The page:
The 767 from HNL to Phoenix was older, and had the earlier, dingier interior. Still, the legroom was perfect.
Now let’s talk about those A330s. They’re the future for Hawaiian Airlines as the 767 gets phased out. The A330 in and of itself isn’t a problem: How Hawaiian Airlines chooses to configure them, though, is a big-time pain for tall travelers. I slid into my seat, and my knees immediately contacted the seat in front of me. So I did what all smart travelers do: I pitched all the reading material in the seat pocket onto the floor in front of me. It opened up some space, but not enough to separate me from the seat. It’s odd that seatguru.com lists the pitch at 31 inches; I’ve flown on plenty of planes with 31 inches of pitch that gave me a little room between seats. The seat cushions were pretty bad, with my left buttock aching about an hour after takeoff.
Also, the Airbus cabins were Yukon cold on both flights. They did have AVOD, but most content would cost. Again, not a big deal for the price break. But factoring in the tight spacing, this becomes more of an issue.
I will definitely avoid any Hawaiian Airlines A330 in the future until they decide to provide some extra space, regardless of price or convenience. There’s just too much competition out there.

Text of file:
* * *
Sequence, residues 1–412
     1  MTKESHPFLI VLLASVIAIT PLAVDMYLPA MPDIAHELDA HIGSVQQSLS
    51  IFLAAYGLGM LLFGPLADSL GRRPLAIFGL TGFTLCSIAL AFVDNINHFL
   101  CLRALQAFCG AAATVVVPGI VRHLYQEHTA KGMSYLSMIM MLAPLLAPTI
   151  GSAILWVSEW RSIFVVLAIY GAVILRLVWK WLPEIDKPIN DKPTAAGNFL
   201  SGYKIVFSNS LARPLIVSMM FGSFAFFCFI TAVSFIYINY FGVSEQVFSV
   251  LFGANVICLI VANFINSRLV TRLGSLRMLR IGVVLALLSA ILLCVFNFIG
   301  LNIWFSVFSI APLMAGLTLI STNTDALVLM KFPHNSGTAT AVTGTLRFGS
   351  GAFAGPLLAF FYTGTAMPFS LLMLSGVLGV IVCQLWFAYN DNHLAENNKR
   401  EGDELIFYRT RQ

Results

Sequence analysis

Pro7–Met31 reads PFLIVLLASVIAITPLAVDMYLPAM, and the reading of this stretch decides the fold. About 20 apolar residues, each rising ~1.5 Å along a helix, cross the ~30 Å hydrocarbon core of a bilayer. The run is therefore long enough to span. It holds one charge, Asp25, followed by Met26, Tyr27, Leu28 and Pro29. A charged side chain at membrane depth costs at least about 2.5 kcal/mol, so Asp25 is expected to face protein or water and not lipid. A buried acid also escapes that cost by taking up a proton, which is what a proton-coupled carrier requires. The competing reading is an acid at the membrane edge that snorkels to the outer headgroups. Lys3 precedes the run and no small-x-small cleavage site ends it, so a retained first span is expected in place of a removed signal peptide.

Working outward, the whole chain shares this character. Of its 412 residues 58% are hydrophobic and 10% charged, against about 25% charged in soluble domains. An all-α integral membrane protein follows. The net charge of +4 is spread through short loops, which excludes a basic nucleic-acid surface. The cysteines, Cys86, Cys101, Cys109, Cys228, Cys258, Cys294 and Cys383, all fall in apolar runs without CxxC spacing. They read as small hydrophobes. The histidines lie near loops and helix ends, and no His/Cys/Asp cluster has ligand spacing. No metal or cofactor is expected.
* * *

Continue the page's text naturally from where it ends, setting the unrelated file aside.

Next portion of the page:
Another Little Hitch
Our flight to Auckland was delayed a full three hours by a mechanical problem. That put us at the gate in Auckland just short of 2 a.m., which is pretty rough. Our scheduled 22:25 arrival was already late for travelers craving rest in a real bed.
But things happen, and I get that. Still, Hawaiian Airlines could’ve scored some points by setting passengers up somehow for the delay. Maybe by providing meal vouchers for the delay, or waiving the in-flight entertainment charge. Unfortunately, they missed that chance to make a better situation of a long delay.
What’s the Bottom Line?
I really wanted to love Hawaiian Airlines. I still want to, but I just can’t bring myself to do it. That’s a bummer, because the actual on-the-line employees got it right. The corporate suits, unfortunately, have handed them either aging or cramped aircraft that are well short of the standards being set by other airlines. They’re addressing the aging planes, but they’re replacing them with cramped sardine cans. This is a huge disservice to their pilots, cabin staff and ground staff who do so well.
Fortunately, it’s also reversible. The suits could make some adjustments to the aircraft coming into the fleet, and heed my very good advice when it comes time to refresh the cabins of the A330s currently on hand.
Here’s the good news: If you’re of a shorter stature, the seat pitch won’t matter as much to you. My wife, who is 5’7, had no problem catching Zs on the 767 and A330. Obviously, my 2-year-old wasn’t bothered by the seat pitch!
But since we come as a package and I’m the guy who gets to book the flights, I don’t see Hawaiian Airlines being my go-to airline for future flights unless they’re on a 767 or the A330s get a bit more room for us tall guys.